Hannah also started one in wool:

and we thought that the wool works well and makes a soft rug.

Wendy brought along a half completed rug that had been donated to her, shown here for Retro fans. The canvas was very floppy, but ironing it has helped revive the stiffening.

Here is the pattern that this square was taken from:

This photo shows our hard work, and then there are some individual photos below. We will include  other rugs when they are completed.

One of the lovely things about our group is the variety of work we all do, there is always something to look at or learn about…

After Cober Hill we met in May to sort out any rugs that had been in the Tolson exhibition, that were not going onto Red house. I have just been over to Red House to do  a talk, and to see the lovely exhibition, it looks fantastic, and our thanks to Jenny and Helga for its safe transition.  At the period garden festival at Red house members of the group will be demonstrating rag rugging on the last Sunday.

We also looked again at twined rugs, using Bobbie Irwins books as our technical support… the instructions are lovely and clear and very easy to follow.

This is a rug in progress, and a similar finished one , both made by Kay. 

This is the start of a twined seat pad or basket: the first rows over 4 crossed warps have been worked, and I am just adding in extra warps, secured with bin tyes.

We also had a few sheep to visit us

and finally for everybody a taste of summer:

 

 

June 2010 and Nantwich museum exhibition

 

 

I was able to go over to Nantwich to the Museum to join them for the start of their exhibition, A Celebration of Rag Rugs. Its on till the 17th July, so try to get over there, its well worth a visit. I particularily enjoyed seeing some rugs that I had only seen in books before.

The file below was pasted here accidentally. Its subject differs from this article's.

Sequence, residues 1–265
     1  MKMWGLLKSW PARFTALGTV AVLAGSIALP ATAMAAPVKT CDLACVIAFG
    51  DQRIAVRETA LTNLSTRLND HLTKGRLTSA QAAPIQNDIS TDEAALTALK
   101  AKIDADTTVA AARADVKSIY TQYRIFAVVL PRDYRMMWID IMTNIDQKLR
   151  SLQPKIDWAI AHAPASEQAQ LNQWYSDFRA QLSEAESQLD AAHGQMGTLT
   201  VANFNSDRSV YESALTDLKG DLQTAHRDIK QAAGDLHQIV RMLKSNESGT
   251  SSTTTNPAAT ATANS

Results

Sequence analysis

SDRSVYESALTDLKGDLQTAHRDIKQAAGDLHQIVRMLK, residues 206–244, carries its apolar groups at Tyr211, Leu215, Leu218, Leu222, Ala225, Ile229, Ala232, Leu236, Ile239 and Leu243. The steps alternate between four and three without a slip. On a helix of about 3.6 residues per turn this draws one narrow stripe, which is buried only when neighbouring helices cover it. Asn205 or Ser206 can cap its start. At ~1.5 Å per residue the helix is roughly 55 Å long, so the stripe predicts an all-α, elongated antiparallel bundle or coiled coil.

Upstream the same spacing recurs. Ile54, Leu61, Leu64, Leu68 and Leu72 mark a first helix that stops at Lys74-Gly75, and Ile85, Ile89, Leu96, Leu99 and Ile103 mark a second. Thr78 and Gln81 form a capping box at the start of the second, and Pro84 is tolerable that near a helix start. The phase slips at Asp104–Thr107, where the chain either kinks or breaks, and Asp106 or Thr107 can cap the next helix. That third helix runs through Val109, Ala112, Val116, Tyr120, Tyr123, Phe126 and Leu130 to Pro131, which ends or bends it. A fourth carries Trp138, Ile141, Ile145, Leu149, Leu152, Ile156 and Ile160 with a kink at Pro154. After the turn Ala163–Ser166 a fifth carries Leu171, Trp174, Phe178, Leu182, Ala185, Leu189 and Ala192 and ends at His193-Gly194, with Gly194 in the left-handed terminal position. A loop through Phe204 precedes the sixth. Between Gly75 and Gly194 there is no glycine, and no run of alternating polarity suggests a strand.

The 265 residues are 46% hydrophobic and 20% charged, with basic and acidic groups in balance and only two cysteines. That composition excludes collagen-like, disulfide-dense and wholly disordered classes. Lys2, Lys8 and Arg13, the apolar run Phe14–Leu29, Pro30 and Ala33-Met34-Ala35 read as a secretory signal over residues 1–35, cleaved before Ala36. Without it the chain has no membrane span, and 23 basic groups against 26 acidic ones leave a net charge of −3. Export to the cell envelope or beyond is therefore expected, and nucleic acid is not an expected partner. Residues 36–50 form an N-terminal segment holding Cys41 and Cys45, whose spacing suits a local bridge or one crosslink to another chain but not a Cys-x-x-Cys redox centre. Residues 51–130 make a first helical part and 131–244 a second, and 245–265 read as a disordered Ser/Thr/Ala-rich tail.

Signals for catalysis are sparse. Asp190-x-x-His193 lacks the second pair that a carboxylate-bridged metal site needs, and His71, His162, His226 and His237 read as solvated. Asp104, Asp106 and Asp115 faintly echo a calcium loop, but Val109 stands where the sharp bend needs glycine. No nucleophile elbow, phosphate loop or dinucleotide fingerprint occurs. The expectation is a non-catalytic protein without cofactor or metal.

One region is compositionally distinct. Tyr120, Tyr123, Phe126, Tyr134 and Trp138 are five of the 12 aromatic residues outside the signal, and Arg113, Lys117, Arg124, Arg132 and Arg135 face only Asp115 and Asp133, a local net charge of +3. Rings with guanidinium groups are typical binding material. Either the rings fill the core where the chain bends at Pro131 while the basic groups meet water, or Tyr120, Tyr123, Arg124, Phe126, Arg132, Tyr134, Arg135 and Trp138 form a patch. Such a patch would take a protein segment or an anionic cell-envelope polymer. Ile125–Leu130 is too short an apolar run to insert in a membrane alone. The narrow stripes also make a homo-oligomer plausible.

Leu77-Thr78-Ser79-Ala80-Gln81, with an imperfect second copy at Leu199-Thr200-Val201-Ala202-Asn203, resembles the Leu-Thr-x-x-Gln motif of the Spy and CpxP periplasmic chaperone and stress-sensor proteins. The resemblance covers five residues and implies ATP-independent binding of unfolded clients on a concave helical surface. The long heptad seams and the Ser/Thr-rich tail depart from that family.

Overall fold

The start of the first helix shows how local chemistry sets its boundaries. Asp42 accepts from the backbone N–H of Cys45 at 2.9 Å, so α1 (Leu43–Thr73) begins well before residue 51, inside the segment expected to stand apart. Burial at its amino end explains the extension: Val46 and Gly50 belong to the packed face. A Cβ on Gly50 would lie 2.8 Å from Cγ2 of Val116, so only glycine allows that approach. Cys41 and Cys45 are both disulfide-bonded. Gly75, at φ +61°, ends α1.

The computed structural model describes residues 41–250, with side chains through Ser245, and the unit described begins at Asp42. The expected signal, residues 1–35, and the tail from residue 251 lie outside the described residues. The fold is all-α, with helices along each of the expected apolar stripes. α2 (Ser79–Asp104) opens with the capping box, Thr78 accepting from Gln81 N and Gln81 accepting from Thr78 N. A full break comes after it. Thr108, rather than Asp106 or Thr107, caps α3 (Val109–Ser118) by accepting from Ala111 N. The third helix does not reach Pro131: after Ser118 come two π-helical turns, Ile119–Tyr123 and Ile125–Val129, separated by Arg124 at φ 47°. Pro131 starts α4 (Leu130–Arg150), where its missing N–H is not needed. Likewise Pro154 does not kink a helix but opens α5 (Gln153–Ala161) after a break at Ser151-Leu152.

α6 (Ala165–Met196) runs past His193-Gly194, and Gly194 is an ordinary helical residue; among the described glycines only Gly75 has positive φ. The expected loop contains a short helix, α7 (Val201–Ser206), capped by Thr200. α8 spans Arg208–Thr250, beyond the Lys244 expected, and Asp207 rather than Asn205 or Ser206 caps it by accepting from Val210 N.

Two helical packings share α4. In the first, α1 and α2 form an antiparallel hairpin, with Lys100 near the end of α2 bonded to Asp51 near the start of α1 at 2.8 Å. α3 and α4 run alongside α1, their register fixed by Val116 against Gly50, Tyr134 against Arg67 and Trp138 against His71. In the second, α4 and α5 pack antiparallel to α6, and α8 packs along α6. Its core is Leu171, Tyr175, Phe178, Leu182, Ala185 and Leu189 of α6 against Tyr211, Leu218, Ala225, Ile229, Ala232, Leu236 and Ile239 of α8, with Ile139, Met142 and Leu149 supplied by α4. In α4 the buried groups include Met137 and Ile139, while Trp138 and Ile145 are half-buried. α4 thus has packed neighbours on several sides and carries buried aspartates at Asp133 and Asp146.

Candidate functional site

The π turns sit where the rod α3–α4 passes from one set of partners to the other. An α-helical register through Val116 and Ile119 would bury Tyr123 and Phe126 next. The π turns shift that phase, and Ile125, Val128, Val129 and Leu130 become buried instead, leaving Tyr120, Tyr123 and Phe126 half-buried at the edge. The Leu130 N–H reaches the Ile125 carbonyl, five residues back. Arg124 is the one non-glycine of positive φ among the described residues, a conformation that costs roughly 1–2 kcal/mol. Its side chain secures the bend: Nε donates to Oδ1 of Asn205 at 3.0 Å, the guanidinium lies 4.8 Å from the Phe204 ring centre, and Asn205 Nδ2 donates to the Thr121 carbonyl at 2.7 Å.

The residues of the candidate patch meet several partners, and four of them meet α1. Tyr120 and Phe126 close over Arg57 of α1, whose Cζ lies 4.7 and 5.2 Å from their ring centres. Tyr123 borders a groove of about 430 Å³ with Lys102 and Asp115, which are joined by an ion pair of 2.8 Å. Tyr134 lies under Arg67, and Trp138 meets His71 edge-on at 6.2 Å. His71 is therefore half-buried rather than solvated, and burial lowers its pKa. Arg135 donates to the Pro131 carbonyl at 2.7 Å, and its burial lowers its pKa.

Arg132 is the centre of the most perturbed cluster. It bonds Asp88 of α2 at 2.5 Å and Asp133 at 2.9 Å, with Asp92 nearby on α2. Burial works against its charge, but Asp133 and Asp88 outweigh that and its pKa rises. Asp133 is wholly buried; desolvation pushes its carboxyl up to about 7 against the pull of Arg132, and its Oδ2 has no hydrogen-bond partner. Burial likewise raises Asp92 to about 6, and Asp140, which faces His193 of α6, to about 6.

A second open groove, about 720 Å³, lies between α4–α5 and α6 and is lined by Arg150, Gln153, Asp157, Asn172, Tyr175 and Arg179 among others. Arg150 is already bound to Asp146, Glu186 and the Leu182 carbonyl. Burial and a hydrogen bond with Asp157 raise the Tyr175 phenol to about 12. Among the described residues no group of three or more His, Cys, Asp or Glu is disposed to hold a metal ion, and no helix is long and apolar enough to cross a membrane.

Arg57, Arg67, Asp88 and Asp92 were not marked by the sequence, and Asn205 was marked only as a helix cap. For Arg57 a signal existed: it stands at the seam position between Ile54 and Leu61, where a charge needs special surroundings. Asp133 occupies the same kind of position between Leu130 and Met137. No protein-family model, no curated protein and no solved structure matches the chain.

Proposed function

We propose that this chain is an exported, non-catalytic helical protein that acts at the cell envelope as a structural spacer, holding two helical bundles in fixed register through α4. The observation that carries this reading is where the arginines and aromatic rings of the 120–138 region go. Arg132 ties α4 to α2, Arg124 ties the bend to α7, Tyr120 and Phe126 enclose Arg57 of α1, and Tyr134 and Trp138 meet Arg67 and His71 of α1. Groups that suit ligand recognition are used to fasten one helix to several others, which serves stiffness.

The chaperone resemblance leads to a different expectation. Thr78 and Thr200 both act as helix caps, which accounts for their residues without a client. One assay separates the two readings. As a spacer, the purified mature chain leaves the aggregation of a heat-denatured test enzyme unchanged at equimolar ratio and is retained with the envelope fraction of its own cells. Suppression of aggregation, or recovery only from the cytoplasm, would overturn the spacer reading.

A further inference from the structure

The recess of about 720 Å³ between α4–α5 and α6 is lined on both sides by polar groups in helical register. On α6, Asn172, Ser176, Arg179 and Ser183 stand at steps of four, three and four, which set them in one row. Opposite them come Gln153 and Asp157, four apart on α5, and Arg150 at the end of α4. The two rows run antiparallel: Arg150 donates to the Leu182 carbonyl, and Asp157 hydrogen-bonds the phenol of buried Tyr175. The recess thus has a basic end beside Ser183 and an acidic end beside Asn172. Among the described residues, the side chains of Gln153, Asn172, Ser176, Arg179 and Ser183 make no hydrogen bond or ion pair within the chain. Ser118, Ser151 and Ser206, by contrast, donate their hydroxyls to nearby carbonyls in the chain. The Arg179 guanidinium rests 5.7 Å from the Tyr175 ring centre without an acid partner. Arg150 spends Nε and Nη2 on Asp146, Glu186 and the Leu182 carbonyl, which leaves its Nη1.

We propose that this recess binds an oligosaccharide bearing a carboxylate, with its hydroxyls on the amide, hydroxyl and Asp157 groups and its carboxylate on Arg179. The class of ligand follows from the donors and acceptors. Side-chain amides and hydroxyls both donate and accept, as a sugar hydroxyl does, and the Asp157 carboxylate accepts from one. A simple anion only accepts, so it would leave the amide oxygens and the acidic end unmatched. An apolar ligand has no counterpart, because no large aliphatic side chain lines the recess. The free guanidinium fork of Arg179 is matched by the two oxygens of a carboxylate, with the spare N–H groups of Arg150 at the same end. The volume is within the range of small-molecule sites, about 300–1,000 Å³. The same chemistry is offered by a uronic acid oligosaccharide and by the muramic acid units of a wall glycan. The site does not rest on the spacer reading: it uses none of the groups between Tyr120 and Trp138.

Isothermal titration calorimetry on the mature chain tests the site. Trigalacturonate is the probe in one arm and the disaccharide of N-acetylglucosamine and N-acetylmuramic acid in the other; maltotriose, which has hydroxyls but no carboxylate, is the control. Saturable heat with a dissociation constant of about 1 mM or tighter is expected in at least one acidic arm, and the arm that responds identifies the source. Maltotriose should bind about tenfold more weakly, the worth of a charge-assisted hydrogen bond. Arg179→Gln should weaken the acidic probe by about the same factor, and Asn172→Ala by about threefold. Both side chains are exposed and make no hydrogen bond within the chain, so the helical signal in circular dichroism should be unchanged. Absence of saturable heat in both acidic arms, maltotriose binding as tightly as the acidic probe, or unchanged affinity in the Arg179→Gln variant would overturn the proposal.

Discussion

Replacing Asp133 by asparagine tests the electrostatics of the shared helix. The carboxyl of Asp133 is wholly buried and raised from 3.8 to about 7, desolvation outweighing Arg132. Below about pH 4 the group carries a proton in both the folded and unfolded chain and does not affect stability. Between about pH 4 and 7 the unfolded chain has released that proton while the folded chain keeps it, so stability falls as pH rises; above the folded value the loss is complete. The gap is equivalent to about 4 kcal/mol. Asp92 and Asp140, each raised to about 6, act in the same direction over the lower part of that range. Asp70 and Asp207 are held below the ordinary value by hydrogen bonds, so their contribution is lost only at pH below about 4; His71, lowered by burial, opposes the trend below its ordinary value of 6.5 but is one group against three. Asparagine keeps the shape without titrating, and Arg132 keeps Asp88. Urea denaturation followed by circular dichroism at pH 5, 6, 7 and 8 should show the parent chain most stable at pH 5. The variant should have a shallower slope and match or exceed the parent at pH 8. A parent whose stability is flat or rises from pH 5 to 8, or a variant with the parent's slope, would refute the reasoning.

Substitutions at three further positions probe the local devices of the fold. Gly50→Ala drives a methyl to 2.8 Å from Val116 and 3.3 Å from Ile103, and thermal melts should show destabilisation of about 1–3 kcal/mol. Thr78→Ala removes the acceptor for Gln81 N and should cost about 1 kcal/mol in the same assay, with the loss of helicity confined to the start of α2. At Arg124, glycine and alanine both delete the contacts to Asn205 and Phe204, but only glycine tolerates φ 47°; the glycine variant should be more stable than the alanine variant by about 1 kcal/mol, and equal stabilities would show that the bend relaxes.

Below are just a few of the rugs that I enjoyed, by no means exclusive, and its good to see so many different makers all in one place.

This rug is by Ali Rhind, I loved the colours and the design.

In complete contrast this poppy rug by Janet Holden provided a vivid spot of colour.

Another botanically inspired rug was by Deborah Hastings, who often combines both proddy and knitting.

I also liked this rug by Lynne Stein, she pack her multitude of materials very close together, fro lovely textures, and often combines her rug making with felting. I am busy growing vegetables at the moment, not nearly so colourful as Lynnes allotment.

Lastly there are lots of rugs by Louisa and Lewis Creed, Heather Ritchie, Jenni Stuart -Anderson, Debbie Siniska, Jane Lane, Ann Davies, and more, so well worth a visit.

The frogs are just hatched in my pond at home, so here is Lewis Creeds very Christmasy frog.

The exhibition also includes some old rugs from the museums collection, and this one is delightful. It almost looks as if it was inspired by a braided rug.

I would like to thank the Museum for allowing me to take the photos.

Now onto the  West Riding Ruggers meeting in June.

Our June meeting was the busiest we have been for a while, and we had to extend the area for displaying the rugs that people brought along.

We had a great variety from knitting, hooking and proddy and toothbrush, so here are the finished rugs.

This proddy rug looks just as good from the back as the front… unlike the Northern ruggers we dont always piggy back our tabs, but the back of this rug is so neat that it will not come undone.

These hooked primitive cats made me smile.

Next a mirror hanging,originally made for a workshop. A good way to use up all sorts of lovely scraps, they dont take any wear as they hang on the wall.

Continuing small, these fine locker hook flags and leaf are soon on their way over the pond, as presents from one of our rug makers to friends and relatives.

The flower proddy rug below reminds me of one that we made for a raffle as part of an exhibition a few years ago. They are so lovely and cheerful, and also use up all those scraps…

Flowers seem to be popular this month, with this proddy rug made for the back of an old cane chair.

Two of the group have been working on toothbrush rugs, on  in teeshirt and one in cotton.

One rya rug has been finished, reminds me of looking into rock pools…

Finally after acquiring Sheila Paines book on Amulets, this wall hanging emerged as a personal amulet. The decoration was gathered from the small flotsam that we collect in our journey through life, and has personal significance to the maker.

 

 

Woolfest 2010